That the assumption by a female character of the attributes of the most famous son of Oðinn irks so many betrays sexist leanings amid the comic's readership, which is both deplorable and worth exploring so that the underlying causes can be examined and worked against.* Perhaps more relevant to the specific goals of the Society is that the consternation with the way in which the character is being reshaped ignores the ways in which the character has already been reshaped, not only in multimedia presentation (the need to alter concepts for different presentation venues is a commonplace) but also in its core conception in the dominant Marvel comics continuum. While Marvel keeps Thor the son of Odin (using modern Anglicized versions of the names), the seeming punishment Thor endures of being mindwiped and embodied in a blond-haired, blue-eyed medical student of differing ability is an...interesting appropriation, yet one embodied in the beginning of the character's presence in the continuum. Is not the character "supposed" to be red-haired and bearded? Whence the flying through the power of the hammer (an early instantiation of troll physics, perhaps)? Whither the children the character is supposed to have? Yet such changes from the "source materials" pass without comment from the comics' fanbase (I imagine that medievalists who have turned their attention to the work do complain, as did one folklorist of my acquaintance in regards to the 2011 Branagh film), although they are hardly insignificant.**
Underlying that lack of complaint is likely a lack of awareness of the older materials. How many know Þórr from the Eddas and sagas is unclear to me; how many know him from the older materials not...inflected by Christian recording practices is likewise unclear to me, although I expect the number is far lower. For the great majority of the comic's readers, then, the Marvel version of the character is likely to be the "real" one, much as many children in the United States view the Disney version of Cinderella as the "real" one and react to the much earlier Grimm version as somehow a perversion of the story. It becomes a foundational narrative through which other concepts are filtered, particularly when introduced to people in their youth as comic books tend to be (like what I discuss here). As such, it assumes a privileged place in popular conception and alterations to it are met with resistance, as evidenced by the comments section of the White piece. And I have to wonder how much of a portal to further examination of the medieval by the readership it becomes. There is, after all, significant overlap between comic-book readership and RPG playership, as trips to comics conventions, gaming conventions, comics shops, and RPG sessions will quickly reveal, and the RPG is sometimes such a portal, as I note. There is similarly overlap between comic book readership and fantasy readership, and fantasy readership also serves as such a portal. How comic books serve such a function might be worth investigating, and the results of that investigation used to help determine how much effort needs to be put into "correcting" the presentation of the medieval in the comic, as there have been calls to do.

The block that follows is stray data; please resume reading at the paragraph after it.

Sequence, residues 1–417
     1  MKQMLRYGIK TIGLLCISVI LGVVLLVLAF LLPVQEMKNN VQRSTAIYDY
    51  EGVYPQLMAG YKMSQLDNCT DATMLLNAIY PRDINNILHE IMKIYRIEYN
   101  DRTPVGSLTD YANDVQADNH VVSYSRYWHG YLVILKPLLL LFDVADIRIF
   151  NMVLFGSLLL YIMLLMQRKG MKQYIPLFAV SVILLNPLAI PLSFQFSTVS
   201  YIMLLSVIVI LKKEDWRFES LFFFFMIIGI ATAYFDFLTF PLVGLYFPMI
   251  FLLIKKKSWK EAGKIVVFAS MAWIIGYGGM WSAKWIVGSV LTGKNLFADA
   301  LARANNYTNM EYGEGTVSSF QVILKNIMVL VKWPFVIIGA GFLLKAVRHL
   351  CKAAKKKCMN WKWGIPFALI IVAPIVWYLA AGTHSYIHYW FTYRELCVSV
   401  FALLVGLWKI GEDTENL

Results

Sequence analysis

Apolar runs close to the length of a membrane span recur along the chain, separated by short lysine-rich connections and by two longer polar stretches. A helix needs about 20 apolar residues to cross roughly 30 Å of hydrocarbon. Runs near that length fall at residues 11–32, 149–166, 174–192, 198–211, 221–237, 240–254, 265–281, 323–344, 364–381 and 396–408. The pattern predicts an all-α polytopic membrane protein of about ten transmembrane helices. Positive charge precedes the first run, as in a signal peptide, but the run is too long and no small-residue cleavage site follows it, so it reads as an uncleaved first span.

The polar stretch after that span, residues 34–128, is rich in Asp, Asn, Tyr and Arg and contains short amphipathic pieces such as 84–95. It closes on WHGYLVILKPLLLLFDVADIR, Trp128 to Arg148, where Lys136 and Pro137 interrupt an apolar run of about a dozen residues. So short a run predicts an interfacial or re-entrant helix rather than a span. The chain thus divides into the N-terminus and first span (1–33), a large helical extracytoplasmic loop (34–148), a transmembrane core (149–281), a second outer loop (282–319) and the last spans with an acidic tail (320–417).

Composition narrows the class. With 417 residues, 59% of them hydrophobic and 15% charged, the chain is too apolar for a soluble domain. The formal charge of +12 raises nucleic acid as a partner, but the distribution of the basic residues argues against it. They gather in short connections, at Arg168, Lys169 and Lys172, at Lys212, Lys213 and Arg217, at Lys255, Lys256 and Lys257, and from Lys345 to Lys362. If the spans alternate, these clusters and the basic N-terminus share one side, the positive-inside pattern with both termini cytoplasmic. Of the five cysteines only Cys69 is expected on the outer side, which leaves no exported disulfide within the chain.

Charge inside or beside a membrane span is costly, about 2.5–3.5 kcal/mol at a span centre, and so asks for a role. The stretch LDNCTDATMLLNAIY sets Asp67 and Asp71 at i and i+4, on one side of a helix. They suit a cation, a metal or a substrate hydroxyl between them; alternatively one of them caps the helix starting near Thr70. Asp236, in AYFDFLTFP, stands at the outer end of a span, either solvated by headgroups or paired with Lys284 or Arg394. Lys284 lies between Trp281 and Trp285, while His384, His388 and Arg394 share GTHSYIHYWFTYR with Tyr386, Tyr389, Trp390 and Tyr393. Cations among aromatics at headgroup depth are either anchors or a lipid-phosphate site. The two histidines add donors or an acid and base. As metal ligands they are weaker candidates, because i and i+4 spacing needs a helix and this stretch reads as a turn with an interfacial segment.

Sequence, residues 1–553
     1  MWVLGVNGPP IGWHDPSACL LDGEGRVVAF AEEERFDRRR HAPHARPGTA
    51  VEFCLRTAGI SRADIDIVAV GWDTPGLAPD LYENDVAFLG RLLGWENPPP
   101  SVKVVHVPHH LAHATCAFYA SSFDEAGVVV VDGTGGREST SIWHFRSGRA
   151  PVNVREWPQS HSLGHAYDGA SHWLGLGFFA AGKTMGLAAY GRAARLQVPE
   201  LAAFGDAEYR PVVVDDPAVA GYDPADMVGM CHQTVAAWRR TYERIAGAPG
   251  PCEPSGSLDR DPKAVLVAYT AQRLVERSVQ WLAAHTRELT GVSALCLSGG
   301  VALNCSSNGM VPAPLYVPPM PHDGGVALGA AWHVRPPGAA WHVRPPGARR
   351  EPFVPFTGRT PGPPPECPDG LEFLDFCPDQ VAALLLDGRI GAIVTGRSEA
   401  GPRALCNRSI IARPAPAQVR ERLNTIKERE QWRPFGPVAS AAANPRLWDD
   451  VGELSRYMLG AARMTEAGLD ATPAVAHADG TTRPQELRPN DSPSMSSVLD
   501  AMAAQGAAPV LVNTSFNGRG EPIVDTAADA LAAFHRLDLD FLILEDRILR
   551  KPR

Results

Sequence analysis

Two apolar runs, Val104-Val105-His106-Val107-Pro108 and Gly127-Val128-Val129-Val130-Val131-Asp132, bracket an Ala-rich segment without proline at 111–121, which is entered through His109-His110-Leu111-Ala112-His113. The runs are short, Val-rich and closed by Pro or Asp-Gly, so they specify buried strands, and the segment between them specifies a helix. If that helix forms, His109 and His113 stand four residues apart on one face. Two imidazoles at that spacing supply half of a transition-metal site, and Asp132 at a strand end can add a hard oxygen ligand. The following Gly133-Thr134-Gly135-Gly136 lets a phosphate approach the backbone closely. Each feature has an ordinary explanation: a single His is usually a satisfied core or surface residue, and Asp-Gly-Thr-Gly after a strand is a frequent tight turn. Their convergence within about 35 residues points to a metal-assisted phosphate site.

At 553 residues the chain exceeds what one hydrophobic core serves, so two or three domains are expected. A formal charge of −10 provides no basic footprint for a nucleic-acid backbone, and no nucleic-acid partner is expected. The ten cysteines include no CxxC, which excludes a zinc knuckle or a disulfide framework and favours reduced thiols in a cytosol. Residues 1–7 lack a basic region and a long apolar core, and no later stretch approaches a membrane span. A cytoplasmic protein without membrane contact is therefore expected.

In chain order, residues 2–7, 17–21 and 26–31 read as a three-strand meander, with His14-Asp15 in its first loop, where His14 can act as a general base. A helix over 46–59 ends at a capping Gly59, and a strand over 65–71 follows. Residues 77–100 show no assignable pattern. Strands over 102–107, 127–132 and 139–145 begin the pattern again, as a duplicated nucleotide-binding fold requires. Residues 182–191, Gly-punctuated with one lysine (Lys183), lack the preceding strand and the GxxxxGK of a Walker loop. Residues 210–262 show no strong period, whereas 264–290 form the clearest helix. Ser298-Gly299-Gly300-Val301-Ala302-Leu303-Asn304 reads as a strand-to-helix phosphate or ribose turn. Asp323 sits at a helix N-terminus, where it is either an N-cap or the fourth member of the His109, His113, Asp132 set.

Whatever the cause, the figuration of Marvel's Thor as a female does much to highlight the fraught nature of appropriation and adaptation. How changes to seemingly "settled" intellectual units function and how audiences react to them surely reveal much of the cultures that enact such changes and the audiences that react. As I write, what seems said of the former is that there is an effort to be more gender-inclusive, which is surely a good thing in principle even if the execution may be somewhat contestable. What seems said of the latter in general is less pleasant. Yet even that unpleasantness suggests that there is something about the way in which the medieval is presented and represented that is of particular importance to popular audiences in the United States; the vehemence of the reaction argues in favor of the centrality of the medievalist to popular culture no less than does the ample mainstream media attention mentioned above. This means, of course, that the medieval itself remains in a position of privilege, which is good news for medieval studies scholars; if it is important, then there will be continued need for the work we do.
*Three things come up here:
- Helen Young addresses something along the same lines here;
- harryfisher87 leaves a telling comment on the White piece that speaks to the sexist issue; and
- I am not sufficiently well equipped in feminist theory to do the necessary explicatory work for such a project, although I would very much enjoy reading the efforts of those who are, perhaps following up on Helen Young's work.